To outline or not to outline, that is the question.
It’s a question I am asked a lot. “Do you use an outline?” The answer? Yes and no. I tend to have a very vague outline in my head when I set out to write a story, blog or novel. I have an idea of what points and pieces I want to hit—action, character development, beginning, middle, and ending, but I don’t lay it out on paper. I tend to let the story evolve organically while keeping those points I want in the back of my mind.
I have compared writing to music before, and this is another time I think the comparison is apropos. When a writer begins, like a musician learning an instrument, there is a lot of practice involved. You don’t pick up a violin and magically begin to play Mozart. You practice, you run scales, you learn music by rote, often bar by bar until you have learned an entire piece. Then you set out on another and another, until one day you can sit down and pick up the violin, open music you’ve never seen before and “hear” how it should be played, catch the nuances on the first or second time, then refine from there.
Writing is very much like that, you can’t sit down the first time at a computer and magically produce Pride and Prejudice. It takes time. First the scales—practice pieces focusing on one aspect of writing, character, action, dialogue. Once you are gaining mastery there, it’s time to branch out and open that first piece of “music”—a major project of some kind. A multi-chapter story or novella, perhaps even a novel. The first time, consciously—even physically—outline the work. Sketch out the details (like the bars in a piece of music) then write each as you go.
After working through several stories, you’ll find that the pieces are starting to develop more organically. The outlines will become more and more vague—from spelling out each major point and action to just an idea of where the story will begin and how it will end. The characters won’t need to be fully described before you begin, they will build their own melody as you write.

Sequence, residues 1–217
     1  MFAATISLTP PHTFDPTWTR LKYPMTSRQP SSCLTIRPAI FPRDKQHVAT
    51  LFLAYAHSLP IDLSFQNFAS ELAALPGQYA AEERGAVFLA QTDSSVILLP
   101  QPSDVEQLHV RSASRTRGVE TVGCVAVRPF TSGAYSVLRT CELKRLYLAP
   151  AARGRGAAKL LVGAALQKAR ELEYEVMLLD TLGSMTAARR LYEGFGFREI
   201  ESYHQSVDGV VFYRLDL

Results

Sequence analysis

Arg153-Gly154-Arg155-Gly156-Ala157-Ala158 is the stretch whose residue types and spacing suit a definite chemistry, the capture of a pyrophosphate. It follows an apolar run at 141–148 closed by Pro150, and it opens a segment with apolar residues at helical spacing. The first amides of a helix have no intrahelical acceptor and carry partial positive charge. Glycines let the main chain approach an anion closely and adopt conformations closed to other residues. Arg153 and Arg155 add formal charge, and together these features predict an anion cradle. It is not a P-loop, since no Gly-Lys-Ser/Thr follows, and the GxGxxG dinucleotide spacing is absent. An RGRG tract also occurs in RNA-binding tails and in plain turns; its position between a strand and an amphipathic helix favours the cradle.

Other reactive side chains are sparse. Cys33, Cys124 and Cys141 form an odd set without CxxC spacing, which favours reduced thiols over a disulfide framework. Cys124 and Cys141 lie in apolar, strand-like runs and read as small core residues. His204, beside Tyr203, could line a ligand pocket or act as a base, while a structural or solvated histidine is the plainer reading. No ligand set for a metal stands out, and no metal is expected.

One of the hardest parts of writing is the idea that you must practice before you can “play” a major piece. It seems so simple, you communicate every day, you write emails, SMS and texts, you might even compose letters as part of your job. You read books and stories, so it is easy to not practice, to not learn the scales, before attempting to write a piece without that hard work in place. But, as easy as it seems, tt’s also not something to ignore. Practice is important, very important. Giving yourself a day or two a week (or month depending on time/how much you write) to write stories that you never intend to publish—ones that are to hone your skills, help you build characters into believable people—is vital. It’s not a waste of time, it’s just like running scales and using practice pieces before working on that performance piece. In music you do it every day, in writing you should as well.
To outline or not to outline? The answer is yes—to both.
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I have been a writing all my life and have been published in newspapers, magazines and books. Recently, I have started working with writers helping them to learn to love their writing, and how we, as writers can learn from musicians and their techniques.